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Recession deepened in Argentina

January 28, 2019

We forecast a GDP decline of 2.2% for the full year of 2018 due to tight macro policies and lower real wages

Talk of the day


Economic activity in Argentina plunged in November, contracting more than expected by the market. The EMAE (the official monthly GDP proxy) fell by 7.5% yoy, worse than market expectations (6.0% drop) but in line with our forecast (7.4% drop). On a sequential basis, economic activity fell by 2.3% mom after growing by 0.6% (this figure was revised upward) in October. The EMAE consequently fell by 5.9% yoy and 6.7% qoq (annualized) in the quarter ending in November (following declines of 3.5% and 2.6%, respectively, in 3Q18), and fell by 2.2% yoy in the first 11 months of 2018.

We forecast a GDP decline of 2.2% for the full year of 2018 due to tight macro policies and lower real wages. We forecast zero growth in 2019, but the risks are tilted to the downside. While higher net exports – due to a weaker currency, the normalization of agricultural output and the recovery in Brazil – will support activity this year, internal demand is likely to remain weak due to ongoing necessary fiscal and monetary adjustments. Finally, uncertainty regarding the outcome of the presidential elections poses another downward risk to growth.


Lower VAT in the northern frontier and lower energy prices exerted downward pressure on the CPI. Mexico’s CPI posted a bi-weekly rate of 0.11% in the first half of January (from 0.24% a year ago), below our forecast (0.18%) and median market expectations (0.25%). The figure reflects the effect of a lower VAT in the northern frontier. In fact, the CPI aggregate of the northern frontier posted a bi-weekly decrease of 1.02% (compared to the 5yr median of a positive 0.54%). Moreover, energy prices decreased 1.18% (compared to +1.68% a year ago), while non-core agro products increased 1.28% (compared to -1.00% a year ago).

We expect inflation to reach 3.8% for the end of this year. The most recent figure reflect the effect of the lower VAT in the northern frontier, which is one-off. Looking forward, lower oil prices should exert less pressure on the non-core component. However, upside risks to inflation remain due to remaining uncertainties over the approval in the U.S. congress of the renegotiated NAFTA and the uncertainty over domestic policy direction.
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Economic activity was above market expectations, but slowed down on an annual basis, dragged by the industrial sector. Mexico’s monthly GDP proxy (IGAE) expanded 1.8% yoy in November (from 2.9% in October), above our forecast (1.1%) and median market expectations (1.2%). According to calendar adjusted figures, IGAE grew 1.7% yoy in November, slowing down from 1.9% in October, taking the three-month moving average (3mma) growth rate to 2.2% yoy (from 2.3% in October). Looking at the breakdown, also using 3mma calendar adjusted figures, primary sector (1.7% yoy in the quarter ending in November, from 0.2% October) accelerated, while services sector continue to grow at a decent pace (3.1%, from 3.0%). In contrast, mining (-3.8%, from -2.4%) and construction (-0.8%, from -0.5%) output kept contracting, while manufacturing sector decelerated to 2.1% (from 2.2%).  Excluding sectors driven by supply conditions (agricultural and mining), calendar-adjusted GDP grew to 2.5% in the quarter ending in November (from 2.4% in October).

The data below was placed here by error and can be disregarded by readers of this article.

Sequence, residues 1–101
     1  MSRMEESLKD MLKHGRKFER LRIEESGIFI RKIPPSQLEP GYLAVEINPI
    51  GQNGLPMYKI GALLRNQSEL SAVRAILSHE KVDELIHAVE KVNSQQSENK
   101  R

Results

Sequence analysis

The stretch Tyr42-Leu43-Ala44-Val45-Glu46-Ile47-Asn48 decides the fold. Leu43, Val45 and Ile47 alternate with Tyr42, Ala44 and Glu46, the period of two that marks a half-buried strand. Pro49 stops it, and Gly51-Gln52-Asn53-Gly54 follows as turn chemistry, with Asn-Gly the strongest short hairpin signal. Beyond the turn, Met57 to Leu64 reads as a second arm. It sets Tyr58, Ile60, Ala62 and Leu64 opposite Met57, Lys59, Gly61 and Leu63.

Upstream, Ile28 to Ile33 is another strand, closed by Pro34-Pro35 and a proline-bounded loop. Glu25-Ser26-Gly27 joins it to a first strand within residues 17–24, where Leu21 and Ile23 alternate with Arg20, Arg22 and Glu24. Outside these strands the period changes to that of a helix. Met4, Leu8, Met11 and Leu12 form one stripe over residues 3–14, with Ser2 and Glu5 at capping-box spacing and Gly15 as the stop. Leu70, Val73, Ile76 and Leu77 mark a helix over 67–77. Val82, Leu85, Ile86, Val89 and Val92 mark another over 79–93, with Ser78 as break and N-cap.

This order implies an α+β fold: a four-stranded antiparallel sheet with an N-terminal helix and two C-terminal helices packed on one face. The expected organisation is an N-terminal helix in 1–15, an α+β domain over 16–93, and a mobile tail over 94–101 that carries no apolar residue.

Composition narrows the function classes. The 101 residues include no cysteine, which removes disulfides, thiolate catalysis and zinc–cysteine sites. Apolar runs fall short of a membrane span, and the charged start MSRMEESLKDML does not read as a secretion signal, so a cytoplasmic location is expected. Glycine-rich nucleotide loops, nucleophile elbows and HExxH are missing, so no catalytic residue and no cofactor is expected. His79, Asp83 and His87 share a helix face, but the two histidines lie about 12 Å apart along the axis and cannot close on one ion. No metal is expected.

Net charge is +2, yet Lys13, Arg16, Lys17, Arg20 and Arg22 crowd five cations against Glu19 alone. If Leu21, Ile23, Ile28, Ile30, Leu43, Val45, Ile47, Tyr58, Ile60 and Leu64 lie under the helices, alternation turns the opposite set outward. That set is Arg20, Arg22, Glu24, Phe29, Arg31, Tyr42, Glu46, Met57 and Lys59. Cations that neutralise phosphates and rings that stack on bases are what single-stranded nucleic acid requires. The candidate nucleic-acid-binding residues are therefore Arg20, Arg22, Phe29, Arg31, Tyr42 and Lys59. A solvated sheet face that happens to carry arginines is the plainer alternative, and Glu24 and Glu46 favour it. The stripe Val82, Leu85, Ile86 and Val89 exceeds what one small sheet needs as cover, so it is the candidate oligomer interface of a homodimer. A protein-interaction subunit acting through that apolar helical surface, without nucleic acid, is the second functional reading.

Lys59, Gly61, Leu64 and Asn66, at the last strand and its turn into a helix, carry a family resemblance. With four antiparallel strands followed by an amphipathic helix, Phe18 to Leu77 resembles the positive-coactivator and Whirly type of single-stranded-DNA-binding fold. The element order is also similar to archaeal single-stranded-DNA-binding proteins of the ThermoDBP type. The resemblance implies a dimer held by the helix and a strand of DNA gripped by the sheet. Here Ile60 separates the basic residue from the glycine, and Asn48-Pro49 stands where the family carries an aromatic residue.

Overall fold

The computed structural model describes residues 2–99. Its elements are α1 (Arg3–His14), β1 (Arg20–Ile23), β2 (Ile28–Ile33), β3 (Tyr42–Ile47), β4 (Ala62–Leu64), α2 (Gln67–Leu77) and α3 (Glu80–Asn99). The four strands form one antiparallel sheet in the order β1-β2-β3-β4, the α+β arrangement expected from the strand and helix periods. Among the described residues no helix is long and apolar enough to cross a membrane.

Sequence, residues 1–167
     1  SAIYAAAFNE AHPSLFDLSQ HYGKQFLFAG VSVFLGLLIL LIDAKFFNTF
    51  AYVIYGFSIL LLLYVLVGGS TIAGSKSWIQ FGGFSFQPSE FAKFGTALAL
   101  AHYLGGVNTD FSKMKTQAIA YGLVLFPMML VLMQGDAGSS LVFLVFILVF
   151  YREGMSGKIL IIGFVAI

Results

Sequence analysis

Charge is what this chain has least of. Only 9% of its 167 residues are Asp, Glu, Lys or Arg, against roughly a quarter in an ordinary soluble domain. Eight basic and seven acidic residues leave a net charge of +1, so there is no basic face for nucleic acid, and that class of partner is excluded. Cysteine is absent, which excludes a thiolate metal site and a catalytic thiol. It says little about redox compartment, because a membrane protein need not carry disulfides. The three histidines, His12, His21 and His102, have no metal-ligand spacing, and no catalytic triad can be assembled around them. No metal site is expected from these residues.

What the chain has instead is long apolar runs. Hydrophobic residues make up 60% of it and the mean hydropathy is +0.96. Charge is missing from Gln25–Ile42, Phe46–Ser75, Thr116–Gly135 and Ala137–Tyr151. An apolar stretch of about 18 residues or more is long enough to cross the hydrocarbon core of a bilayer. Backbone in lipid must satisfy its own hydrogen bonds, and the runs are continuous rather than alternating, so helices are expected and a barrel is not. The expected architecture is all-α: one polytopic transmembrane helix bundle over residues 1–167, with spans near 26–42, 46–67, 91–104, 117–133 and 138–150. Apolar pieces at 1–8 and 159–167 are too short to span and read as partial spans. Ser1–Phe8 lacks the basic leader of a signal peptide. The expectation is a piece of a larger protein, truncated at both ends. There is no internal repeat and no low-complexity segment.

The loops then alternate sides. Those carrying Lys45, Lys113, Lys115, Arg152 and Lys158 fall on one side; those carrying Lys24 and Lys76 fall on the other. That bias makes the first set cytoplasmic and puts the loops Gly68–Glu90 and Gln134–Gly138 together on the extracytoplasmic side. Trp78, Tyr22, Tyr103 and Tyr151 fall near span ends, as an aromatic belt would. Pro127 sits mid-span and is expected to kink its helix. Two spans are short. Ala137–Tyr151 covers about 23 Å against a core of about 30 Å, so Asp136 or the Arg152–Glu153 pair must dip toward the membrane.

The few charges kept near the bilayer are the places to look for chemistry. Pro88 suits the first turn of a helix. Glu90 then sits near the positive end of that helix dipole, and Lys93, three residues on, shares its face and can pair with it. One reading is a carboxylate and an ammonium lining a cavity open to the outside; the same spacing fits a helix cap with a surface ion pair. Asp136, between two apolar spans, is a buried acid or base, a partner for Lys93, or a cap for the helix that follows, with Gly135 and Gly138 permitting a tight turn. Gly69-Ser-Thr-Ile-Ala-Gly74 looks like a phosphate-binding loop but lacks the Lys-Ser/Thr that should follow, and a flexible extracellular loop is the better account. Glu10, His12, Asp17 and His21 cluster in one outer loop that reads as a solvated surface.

We expect economic activity to slow to 1.7% this year, from an expected 2.0% in 2018. Uncertainty over the new administration’s policy direction and remaining uncertainties over the approval of NAFTA by the U.S. Congress will continue to weight on investment. Deceleration in the U.S. economy will also curb growth.
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Day ahead: INEGI will announce December’s trade balance at 12:00 PM (SP Time). We expect manufacturing exports decelerated, in line with the recent weakness in the US ISM manufacturing PMI index for December


Tax collection came at BRL 141.5 billion in December, weaker than our call (BRL 145 bln) and the market’s (144.2 bln). Tax collection decreased 1.0% yoy in real terms in the month, but this was distorted by large REFIS/PRT revenues collected in December last year. The negative highlight in the month came from revenues related to consumption which declined 2.5% yoy in real terms in the month, while revenues related to the wage bill had a small recovery (0,7% yoy in real terms).

Excluding revenues from the REFIS/PRT, tax collection keeps a good pace, despite some weakening at the margin. Real revenues ex-REFIS increased 0.9% yoy in real terms in the month, with the 3-mma going to 4.2% from 5.2% in November.  In 2018, tax collection increased 5,6% in real terms, the fastest pace since 2011 and better than economic activity, following increases in revenues related to companies’ profits and oil royalties. We expect tax collection to continue outpacing GDP in 2019.

Day ahead: Current account balance relative to December will be released at 10:30 AM (SP Time) for which we forecast a $1.0 billion surplus. Also, Direct investment in the country will likely amount to USD 9.5 billion, leading the 12-month reading to USD 87 billion (4.5% of GDP).

The Week Ahead in LatAm


The Senate and the Lower House will return from the legislative recess on Friday, with the speakership elections scheduled to take place on the same day.

On economic activity, December’s industrial production will be released on Friday. We forecast a slight 0.1% mom/sa increase, which translates into a 3.7% contraction in year-over-year terms. Also, December’s PNAD national unemployment rate will come out on Thursday, for which we forecast a 0.2 p.p. decrease to 11.4% (stable on seasonally adjusted terms). Finally, FGV’s business confidence surveys for January on construction, industry (the preview was released last week) and services, as well as the economic uncertainty indicator, also for January, will be released throughout the week.